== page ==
University of Limerick
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Development of a mouldable and resorbable bone filler

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posted on 2022-09-21, 11:46 authored by Imelda Harte
The purpose of this study was to develop a resorbable, mouldable bone filler that can be used to repair damaged bone. Work was focused on the use of the resorbable polymer poly DL lactide (PDLLA). The ideal formulation was to be hand mouldable and thus the initial step was to carry out a plasticization study on the polymer. Differential Scanning Calorimetry (DSC), Dynamic Mechanical Thermal Analysis (DMTA) and tensile testing were conducted on plasticized PDLLA to indicate the effect citrate ester plasticizers had on the production of a mouldable PDLLA compound. Blending PDLLA with different citrate esters resulted in sample compositions which were malleable and flexible, with increasing plasticizer content having an increase effect on the hand mouldable characteristics. This was followed by an investigation into improving the load bearing properties of the plasticized PDLLA, and so an examination into chemically crosslinking the polymer was carried out, initiated by the use of heat, gamma radiation and UV irradiation. The resultant structures were analysed in a series of swelling studies with the most promising crosslinked compositions then analysed by DMTA and tensile testing. Crosslinking was found not to be a viable approach to harden the polylactide filler as not only were high temperatures needed for crosslinking initiation which would cause cellular necrosis, there was also a reduction in the mechanical and physical integrity of the polymer worsening its load bearing properties. An alternative method of producing a polylactide based bone filler was also explored. By combining polylactide particles with the liquid monomer cyanoacrylate, a hand mouldable and putty-like compound was created. With the onset of polymerization of the monomer, the material then hardened. The composition was modified with the addition of plasticizers and a hydroxyapatite (HA) filler. Initial water absorption and tensile testing conducted found that the addition of the plasticizer and the HA decreased the mechanical properties. A study into optimising the compounds composition was then carried out, and a new source of HA was added to the compositions which helped to increase mechanical properties. The new material composition was found to be injectable with setting rates which could be altered. Aging the polymer compound in PBS for 8 weeks did not alter the resultant tensile properties of the compound by a noticeable degree. A tensile modulus of 1.3 GPa, a tensile strength of 40MPa, a fracture toughness of 2.5MPa m- 1/2, a flexural modulus of 1.7GPa, and a flexural strength of 37MPa were the highest mechanical results achieved. Some of important mechanical properties are lower then those found in human cortical bone, however the results are higher than many commercially available bone substitutes. With further modification of compositions, the mechanical properties could be further increased producing a material fulfilling requirements for a bone graft substitute which is currently not commercially available.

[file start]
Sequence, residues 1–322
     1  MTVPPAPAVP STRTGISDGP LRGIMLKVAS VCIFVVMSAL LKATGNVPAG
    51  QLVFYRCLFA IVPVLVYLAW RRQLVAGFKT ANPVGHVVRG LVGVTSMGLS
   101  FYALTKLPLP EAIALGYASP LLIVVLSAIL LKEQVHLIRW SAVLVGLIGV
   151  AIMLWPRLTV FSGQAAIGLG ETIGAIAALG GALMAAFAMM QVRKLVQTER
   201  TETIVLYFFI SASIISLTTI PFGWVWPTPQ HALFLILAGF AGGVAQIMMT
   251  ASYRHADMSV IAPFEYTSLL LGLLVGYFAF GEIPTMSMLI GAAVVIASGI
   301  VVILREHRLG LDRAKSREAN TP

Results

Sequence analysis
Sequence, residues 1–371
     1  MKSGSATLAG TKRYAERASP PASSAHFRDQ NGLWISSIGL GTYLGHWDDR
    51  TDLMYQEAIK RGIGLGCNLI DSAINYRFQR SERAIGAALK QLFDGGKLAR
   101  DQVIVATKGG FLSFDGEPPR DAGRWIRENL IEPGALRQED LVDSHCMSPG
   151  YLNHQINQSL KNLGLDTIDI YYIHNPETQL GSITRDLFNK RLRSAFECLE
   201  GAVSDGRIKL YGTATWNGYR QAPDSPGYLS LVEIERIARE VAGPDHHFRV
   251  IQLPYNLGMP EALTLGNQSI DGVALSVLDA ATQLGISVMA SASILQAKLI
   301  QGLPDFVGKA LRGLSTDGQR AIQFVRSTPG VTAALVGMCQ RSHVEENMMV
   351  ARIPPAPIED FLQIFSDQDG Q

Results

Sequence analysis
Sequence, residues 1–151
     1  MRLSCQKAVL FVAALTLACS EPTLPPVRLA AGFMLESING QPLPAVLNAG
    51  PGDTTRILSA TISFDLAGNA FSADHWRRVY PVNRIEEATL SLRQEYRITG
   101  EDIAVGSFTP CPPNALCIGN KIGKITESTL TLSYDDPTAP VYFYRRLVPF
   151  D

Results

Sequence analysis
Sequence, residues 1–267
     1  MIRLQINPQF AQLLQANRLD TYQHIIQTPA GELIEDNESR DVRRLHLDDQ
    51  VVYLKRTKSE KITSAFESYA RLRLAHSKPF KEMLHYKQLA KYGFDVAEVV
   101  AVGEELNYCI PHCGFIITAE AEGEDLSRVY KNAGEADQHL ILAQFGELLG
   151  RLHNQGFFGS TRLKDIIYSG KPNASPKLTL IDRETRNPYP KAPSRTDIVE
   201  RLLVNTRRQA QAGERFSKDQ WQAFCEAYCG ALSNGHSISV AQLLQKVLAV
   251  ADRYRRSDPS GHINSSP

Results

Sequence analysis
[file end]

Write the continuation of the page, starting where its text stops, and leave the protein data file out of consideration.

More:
• Doctoral

First supervisor

Birkinshaw, Colin

Second supervisor

De Barra, Eamonn





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